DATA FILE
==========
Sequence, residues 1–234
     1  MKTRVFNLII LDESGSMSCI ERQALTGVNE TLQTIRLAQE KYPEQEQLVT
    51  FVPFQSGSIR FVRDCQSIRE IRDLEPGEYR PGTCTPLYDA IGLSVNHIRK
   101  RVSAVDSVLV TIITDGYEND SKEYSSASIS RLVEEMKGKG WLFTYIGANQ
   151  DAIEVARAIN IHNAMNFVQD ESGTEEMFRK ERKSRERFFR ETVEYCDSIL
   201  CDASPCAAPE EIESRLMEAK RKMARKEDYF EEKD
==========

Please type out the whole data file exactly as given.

Sequence, residues 1–234
     1  MKTRVFNLII LDESGSMSCI ERQALTGVNE TLQTIRLAQE KYPEQEQLVT
    51  FVPFQSGSIR FVRDCQSIRE IRDLEPGEYR PGTCTPLYDA IGLSVNHIRK
   101  RVSAVDSVLV TIITDGYEND SKEYSSASIS RLVEEMKGKG WLFTYIGANQ
   151  DAIEVARAIN IHNAMNFVQD ESGTEEMFRK ERKSRERFFR ETVEYCDSIL
   201  CDASPCAAPE EIESRLMEAK RKMARKEDYF EEKD